Yeah I know, more ancient cars had number on flywheels, transmissions etc. but this is a 1950 car. Some ancient cars also had 3 or 4 digit VINs and dont meet the modern standard for a 17 digit VIN. So every state has some exemptions, somewhere that would make a car 'legal' to be licensed for the street. And when it is legal to be licensed, the state can then begin collecting taxes on that car so there is a motivation for them to make it legal for you. 

 

What you need is an officer/DMV official to understand that the Indiana title is incorrect (it unfortunately used the "random" number stamped on the engine, not the significant number found on the frame)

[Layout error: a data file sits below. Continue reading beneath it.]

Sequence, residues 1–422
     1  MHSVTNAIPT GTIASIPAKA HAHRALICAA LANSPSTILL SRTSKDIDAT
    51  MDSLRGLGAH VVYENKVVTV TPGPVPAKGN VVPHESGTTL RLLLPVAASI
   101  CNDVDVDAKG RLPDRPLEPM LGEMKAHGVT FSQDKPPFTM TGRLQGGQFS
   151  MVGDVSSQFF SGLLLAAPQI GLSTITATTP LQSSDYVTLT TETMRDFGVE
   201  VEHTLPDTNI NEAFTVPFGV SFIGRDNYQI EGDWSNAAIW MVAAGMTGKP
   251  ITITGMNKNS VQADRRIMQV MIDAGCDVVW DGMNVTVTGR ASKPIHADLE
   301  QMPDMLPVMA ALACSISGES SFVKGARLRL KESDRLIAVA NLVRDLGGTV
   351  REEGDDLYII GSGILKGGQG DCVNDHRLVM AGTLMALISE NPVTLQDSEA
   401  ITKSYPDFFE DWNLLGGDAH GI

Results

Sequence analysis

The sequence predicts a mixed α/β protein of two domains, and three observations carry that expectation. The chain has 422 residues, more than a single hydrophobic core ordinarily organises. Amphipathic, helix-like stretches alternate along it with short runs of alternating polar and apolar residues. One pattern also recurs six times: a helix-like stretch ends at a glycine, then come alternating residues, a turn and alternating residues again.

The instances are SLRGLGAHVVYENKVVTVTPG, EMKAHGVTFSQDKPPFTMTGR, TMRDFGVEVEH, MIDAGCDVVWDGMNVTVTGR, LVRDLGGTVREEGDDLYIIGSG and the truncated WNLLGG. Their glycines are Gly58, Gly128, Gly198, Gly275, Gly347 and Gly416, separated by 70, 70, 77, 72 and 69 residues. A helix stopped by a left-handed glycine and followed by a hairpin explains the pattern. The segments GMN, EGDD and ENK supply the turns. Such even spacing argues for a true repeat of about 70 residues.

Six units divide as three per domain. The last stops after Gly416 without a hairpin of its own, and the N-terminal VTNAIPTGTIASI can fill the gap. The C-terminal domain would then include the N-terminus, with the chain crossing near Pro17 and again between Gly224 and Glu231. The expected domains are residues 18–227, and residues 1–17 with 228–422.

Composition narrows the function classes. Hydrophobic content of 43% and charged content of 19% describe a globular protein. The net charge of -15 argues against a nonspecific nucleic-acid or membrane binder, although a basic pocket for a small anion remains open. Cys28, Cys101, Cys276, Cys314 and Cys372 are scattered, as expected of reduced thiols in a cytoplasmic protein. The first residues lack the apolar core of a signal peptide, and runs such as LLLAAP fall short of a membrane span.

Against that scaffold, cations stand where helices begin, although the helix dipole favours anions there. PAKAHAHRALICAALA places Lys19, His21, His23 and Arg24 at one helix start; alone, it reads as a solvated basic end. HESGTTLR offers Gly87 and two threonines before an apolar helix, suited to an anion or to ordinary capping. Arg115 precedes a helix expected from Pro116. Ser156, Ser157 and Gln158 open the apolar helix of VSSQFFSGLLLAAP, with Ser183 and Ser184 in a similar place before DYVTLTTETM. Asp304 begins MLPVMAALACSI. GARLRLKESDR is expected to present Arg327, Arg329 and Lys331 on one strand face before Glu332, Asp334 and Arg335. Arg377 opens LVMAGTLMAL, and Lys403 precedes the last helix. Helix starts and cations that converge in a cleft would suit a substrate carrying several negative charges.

Then there must be a process within the LA DMV system to file whatever papers are necessary with whatever verifications are necessary to issue a LA title based on the frame number. 

 

I have seen several cars from the 1950s and 1960s that were originally registered, brand new, with a typo in the serial number. Somebody at the original dealership typed up the original papers wrong and nobody noticed for 50+ years. (Sometimes this typo/error is found when the now collector car, is sold and attempted to be titled in another state). I have never heard of a state where something like this could not be corrected. 

A hassle? can be, but there is always a process. 

 

What is needed is a sympathetic bureaucrat who can understand what happened and fill out the papers correctly.

Easy to find? maybe not BUT keep asking, there is one out there somewhere. 

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1 hour ago, Harold said:

One more item concerning the screwed-on Vehicle Number:  I recall seeing an official Chrysler service publication that said if you added a driver's side courtesy light switch you could move the tag by drilling out the rivets and relocating it.